Chapter 1 Management and Organizations
In this introductory chapter, your students will explore the concepts of management, manager skills, and organizations in today’s dynamic business environment.
1.1 Explain why managers are important to organizations.
1.2 Tell who managers are and where they work.
1.3 Describe the functions, roles, and skills of managers.
1.4 Describe the factors that are reshaping and redefining the manager’s job.
1.5 Explain the value of studying management.
A MANAGER’S DILEMMA
To illustrate the varied backgrounds, skills, and characteristics of successful managers, the opening case study, “A Manager’s Dilemma,” features Lisa Greene, the general manager of a restaurant in Springfield Missouri. The restaurant industry employees 12.7 million US workers, that’s a lot of greeters, cooks, server’s, and people who clean up after customers. It’s Lisa’s job to lead employees in this challenging industry where managers face long hours, tighter budgets, and expectations to keep business running smoothly. The question at the end of this opening asks students to put themselves in Lisa’s place. This opening dilemma should be used to encourage discussion on the role of managers and the reality that the workplace and the expectation of managers are evolving. You should find that many of your students have experience working in the restaurant industry and they have stories about the demanding nature of the industry, what is expected of them from their managers, and if they have served in a supervisory role what is expected of managers.
Chapter 1 continues with an examination of the functions of management, managerial roles and skills, the diverse nature of modern business organizations, and rewards and challenges offered by a career in management.
1.1 WHY ARE MANAGERS IMPORTANT?
Managers have an important impact on both employees and the organizations in which they work. The following three reasons address their importance:
A. Organizations need their managerial skills and abilities more than ever in these uncertain, complex, and chaotic times.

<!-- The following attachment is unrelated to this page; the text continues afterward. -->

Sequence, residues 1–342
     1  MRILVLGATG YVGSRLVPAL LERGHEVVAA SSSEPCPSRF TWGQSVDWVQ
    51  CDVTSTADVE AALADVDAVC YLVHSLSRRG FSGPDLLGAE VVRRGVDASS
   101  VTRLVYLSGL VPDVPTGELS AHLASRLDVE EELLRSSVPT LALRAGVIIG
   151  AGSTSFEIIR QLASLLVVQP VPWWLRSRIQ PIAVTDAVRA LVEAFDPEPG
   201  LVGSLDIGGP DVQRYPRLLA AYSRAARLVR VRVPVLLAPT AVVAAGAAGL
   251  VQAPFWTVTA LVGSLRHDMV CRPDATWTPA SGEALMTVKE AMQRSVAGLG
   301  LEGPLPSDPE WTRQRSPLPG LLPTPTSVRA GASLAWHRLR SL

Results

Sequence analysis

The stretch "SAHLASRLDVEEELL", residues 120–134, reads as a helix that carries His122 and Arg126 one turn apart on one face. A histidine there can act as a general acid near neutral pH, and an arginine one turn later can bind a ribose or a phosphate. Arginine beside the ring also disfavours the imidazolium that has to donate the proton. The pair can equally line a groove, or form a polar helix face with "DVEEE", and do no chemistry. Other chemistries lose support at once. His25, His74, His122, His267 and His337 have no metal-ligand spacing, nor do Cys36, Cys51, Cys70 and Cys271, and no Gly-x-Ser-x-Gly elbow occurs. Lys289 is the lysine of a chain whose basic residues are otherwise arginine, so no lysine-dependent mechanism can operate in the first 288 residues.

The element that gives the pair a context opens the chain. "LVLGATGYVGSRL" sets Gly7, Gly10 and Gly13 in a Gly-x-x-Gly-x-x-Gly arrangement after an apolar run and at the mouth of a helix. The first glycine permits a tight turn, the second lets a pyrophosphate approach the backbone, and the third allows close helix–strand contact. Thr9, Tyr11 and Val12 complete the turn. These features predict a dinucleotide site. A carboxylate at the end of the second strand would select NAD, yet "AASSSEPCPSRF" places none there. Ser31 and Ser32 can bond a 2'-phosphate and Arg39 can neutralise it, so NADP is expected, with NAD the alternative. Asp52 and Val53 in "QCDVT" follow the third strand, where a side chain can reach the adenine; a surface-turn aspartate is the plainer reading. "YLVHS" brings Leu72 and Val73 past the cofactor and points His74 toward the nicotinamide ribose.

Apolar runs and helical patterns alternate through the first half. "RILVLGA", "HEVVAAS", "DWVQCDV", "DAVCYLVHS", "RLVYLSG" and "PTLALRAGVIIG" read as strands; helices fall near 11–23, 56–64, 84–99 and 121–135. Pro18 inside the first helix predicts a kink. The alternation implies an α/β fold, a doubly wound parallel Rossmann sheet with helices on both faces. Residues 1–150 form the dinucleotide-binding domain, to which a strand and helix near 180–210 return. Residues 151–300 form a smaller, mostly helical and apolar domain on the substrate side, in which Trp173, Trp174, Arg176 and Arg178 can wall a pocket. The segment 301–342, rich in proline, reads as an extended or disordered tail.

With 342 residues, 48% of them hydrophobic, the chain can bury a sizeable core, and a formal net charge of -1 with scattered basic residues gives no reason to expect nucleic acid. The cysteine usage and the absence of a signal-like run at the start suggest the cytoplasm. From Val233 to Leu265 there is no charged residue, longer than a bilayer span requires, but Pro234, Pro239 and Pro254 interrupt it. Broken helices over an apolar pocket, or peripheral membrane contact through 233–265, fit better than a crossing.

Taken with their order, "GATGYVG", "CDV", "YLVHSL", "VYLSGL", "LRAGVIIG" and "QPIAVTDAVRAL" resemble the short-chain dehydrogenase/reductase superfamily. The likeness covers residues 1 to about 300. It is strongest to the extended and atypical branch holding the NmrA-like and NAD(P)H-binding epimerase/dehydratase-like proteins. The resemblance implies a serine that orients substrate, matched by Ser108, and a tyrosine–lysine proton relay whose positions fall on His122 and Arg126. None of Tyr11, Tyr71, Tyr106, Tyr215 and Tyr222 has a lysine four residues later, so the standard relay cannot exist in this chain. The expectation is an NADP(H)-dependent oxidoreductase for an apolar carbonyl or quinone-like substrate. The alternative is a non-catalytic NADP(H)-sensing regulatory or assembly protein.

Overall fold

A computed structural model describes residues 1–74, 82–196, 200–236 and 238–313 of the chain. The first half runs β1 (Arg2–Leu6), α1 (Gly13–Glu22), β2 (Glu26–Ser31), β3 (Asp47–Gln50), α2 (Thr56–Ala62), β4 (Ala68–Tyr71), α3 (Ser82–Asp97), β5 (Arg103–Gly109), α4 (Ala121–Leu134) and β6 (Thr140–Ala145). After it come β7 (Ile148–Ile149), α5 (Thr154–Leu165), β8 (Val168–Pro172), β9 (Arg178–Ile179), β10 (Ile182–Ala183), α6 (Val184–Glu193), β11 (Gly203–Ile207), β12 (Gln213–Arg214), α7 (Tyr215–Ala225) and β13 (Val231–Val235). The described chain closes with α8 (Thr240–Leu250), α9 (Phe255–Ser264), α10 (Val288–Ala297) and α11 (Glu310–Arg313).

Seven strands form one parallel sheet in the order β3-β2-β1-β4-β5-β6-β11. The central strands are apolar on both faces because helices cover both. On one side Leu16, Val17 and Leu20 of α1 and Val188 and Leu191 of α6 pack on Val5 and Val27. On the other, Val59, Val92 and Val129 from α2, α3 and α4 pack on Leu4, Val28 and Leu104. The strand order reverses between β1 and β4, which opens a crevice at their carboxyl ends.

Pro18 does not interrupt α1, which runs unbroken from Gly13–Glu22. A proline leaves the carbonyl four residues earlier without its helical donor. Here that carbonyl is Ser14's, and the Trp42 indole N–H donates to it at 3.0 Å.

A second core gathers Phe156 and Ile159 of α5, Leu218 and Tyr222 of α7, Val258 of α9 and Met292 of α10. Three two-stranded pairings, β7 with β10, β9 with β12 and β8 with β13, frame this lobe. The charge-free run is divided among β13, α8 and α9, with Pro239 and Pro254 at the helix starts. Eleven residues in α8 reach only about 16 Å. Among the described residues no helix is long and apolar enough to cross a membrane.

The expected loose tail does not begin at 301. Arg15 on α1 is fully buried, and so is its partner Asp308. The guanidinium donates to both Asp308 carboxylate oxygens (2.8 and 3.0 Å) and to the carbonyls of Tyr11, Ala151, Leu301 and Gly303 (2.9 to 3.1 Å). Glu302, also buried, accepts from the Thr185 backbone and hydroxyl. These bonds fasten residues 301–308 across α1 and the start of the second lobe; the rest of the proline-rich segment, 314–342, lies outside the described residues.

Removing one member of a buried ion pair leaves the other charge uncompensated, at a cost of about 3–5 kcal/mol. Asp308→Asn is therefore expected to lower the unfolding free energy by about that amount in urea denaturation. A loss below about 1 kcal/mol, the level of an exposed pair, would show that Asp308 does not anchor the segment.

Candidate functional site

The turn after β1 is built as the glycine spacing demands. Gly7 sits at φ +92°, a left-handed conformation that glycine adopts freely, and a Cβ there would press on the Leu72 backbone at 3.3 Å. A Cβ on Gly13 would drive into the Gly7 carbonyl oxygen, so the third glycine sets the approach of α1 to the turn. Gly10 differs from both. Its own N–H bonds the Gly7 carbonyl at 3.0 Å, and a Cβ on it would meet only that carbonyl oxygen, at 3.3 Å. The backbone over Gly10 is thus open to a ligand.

B. Managers are critical to getting things done.
C. Managers do matter to organizations! According to a Gallup poll of ten’s of thousands of managers and employees, the relationship of manager to their employees and supervisors is single most important variable in employee productivity and loyalty.
1.2 WHO ARE MANAGERS AND WHERE DO THEY WORK?
Managers may not always be what we expect. Today’s managers range from 18 to 80, they‘re found in a variety of different types of organizations, and they perform a variety of jobs from the top to the bottom of the organization. By The Numbers shows some of the latest results of opinions of management. Statistics also show an increasing number of women in management, however, while their number is increasing it is mostly in the area of lower and middle management, not top management.
Who Is a Manager?
A. The changing nature of organizations and work often requires employees in formerly nonmanagerial jobs to perform managerial activities. Students who are preparing for careers on any organizational level can benefit from acquiring management skills. Today’s employees need to be cross-trained and multiskilled.
C. How do we define a manager? A manager is someone who coordinates and oversees the work of other people so that organizational goals can be accomplished. However, keep in mind that managers may have additional work duties not related to coordinating the work of others.
D. Managers can be classified by their level in the organization, particularly in traditionally structured organizations—those shaped like a pyramid (see Exhibit 1-1).
1. First-line managers (often called supervisors) are located on the lowest level of management.
2. Middle managers include all levels of management between the first leve